> On the contrary, it will likely not even be noticed. For example, it only makes sense that a pure function would need its delegate parameters to also be pure so it can call them. It's annoying to have to specify `pure` twice.
>

I was talking about the reverse case. Someone wants to just store the delegate somewhere. We would have to explain why he/she needs to alias the function pointer or delegate separately. After all, normally

```
alias Y = X;
void fun(Y a);
```

behaves the same as

```
void fun(X a);
```

. Your proposal would add a special case to that rule.

>
>> If this proposal is changed to only propose this change to `lazy` parameters, it might just be worth considering. `lazy` is already kind of "special" in it's behaviour so I could see the special casing pshycologically easier to accept there. But even there I'm sceptical.
>
> The idea is to get rid of the special cases of lazy.
>

I quess that moves to the territory of your other dip, that wants to make every possible parameter `lazy`. No need to discuss that here.

>
>> What I'm saying next will be off the scope of the DIP, but I say it because of the possibility that the DIP is unintentionally trying to solve the wrong problem. The biggest problem with delegates in attributes is not that they don't infer the attributes from the called function -vice versa! In the ideal world, the called function would infer it's attributes from the delegate, not unlike how `inout` function infers it's return value constness from constness of the `inout` parameter.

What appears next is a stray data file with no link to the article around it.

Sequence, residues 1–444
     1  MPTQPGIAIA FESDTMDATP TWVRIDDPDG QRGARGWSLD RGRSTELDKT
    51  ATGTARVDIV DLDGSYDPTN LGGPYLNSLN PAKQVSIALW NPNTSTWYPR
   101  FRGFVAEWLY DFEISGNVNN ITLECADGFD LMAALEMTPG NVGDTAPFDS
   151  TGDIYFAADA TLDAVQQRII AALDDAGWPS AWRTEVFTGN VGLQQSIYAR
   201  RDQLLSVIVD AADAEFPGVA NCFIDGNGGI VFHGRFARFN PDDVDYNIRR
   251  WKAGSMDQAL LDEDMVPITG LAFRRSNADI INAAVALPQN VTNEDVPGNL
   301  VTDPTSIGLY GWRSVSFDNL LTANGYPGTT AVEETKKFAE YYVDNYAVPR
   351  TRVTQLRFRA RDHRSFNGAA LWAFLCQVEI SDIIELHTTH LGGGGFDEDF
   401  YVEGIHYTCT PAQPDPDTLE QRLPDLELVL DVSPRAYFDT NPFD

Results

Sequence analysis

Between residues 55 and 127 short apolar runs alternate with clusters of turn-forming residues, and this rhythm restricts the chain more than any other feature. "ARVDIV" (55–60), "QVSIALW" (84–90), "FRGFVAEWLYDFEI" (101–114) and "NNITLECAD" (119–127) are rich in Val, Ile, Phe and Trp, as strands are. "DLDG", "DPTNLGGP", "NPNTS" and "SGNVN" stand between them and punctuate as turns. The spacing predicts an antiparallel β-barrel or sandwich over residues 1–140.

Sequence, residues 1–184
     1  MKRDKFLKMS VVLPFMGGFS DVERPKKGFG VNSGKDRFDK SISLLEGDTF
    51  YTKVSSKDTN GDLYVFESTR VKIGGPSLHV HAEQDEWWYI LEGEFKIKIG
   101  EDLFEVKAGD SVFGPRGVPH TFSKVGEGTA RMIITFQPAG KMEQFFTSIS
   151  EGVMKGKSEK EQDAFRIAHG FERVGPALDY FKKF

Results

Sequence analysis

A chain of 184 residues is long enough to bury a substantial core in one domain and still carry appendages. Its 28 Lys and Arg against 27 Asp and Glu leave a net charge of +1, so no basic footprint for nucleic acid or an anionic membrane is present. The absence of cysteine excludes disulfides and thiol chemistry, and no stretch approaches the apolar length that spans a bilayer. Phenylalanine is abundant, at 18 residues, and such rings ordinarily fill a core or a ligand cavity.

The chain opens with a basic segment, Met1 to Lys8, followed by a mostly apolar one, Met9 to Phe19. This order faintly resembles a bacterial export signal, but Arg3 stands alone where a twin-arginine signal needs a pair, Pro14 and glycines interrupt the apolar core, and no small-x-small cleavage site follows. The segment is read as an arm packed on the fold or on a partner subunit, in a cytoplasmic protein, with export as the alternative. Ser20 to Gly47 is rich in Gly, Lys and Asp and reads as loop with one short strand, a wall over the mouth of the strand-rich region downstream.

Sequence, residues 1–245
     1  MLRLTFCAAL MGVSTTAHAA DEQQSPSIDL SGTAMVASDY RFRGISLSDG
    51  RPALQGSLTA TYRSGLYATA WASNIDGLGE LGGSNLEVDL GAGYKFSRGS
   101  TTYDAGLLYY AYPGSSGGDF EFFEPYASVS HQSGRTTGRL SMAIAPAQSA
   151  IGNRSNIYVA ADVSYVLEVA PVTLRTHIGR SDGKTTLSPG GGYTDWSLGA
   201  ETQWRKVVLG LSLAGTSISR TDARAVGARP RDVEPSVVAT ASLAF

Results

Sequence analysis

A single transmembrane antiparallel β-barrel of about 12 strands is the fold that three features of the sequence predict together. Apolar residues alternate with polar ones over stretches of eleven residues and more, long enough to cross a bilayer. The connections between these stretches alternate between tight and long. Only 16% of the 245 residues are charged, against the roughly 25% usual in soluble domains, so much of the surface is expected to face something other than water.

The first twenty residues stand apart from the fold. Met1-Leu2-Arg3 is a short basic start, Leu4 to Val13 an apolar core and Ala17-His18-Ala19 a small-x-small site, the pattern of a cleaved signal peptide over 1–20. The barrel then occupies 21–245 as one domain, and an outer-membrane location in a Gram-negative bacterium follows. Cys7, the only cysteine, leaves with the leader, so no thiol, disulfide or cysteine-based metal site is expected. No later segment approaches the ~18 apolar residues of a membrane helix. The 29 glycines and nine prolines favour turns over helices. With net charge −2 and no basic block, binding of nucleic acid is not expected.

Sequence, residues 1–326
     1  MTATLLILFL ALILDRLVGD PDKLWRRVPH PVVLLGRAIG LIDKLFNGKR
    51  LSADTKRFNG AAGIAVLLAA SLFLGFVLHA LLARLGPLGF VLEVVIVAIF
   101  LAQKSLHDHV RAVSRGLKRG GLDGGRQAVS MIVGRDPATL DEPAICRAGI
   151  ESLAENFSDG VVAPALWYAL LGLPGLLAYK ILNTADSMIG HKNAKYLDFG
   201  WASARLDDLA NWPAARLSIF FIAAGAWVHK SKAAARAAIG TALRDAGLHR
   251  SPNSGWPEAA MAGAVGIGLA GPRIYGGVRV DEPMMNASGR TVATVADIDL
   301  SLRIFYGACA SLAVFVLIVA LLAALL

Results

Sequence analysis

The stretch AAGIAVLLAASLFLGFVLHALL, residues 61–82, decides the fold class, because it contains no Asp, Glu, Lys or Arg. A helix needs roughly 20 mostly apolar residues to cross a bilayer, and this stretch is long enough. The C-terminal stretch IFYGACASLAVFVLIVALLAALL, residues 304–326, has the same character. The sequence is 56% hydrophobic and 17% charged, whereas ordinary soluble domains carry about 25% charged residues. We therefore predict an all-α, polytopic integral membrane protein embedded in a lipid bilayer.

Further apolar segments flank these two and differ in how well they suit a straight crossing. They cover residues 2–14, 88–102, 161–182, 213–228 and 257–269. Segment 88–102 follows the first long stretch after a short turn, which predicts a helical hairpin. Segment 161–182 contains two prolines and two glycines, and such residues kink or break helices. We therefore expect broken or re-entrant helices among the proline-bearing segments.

>
> Inferring function attributes from the delegate argument is impractical. For example, many delegates are trivial lambda functions, often inferred as pure. But the functions that call those delegates can rarely be pure. In effect, the function would have to be compilable with the *tightest* combination of attributes every time.

No. The idea is not to infer new attributes from the delegate parameter. The idea is to infer which attributes the function CAN RETAIN when it calls the delegate. For example:

```
@safe pure nothrow fun(@called void delegate(int) a)
```

If this was called with a being `@safe pure nothrow @nogc` delegate, the function call would be `@safe pure nothrow`, but not `@nogc`. On the other hand, if `a` is `@system nothrow`, the function call will be inferred as `@system nothrow`.

So only those attributes the function can comply with are inferred, not others. The above example function could still use the garbage collector.
May 20
On Wednesday, 20 May 2020 at 10:15:41 UTC, Dukc wrote:
> And while I am at it, remember that the Marlers proposal will still in a way reduce attribute soup, because
>
> ```
> @safe pure nothrow fun(@called void delegate(int) a)
> ```

Remembered wrong. Marler proposed `@inherit`, not `@called`.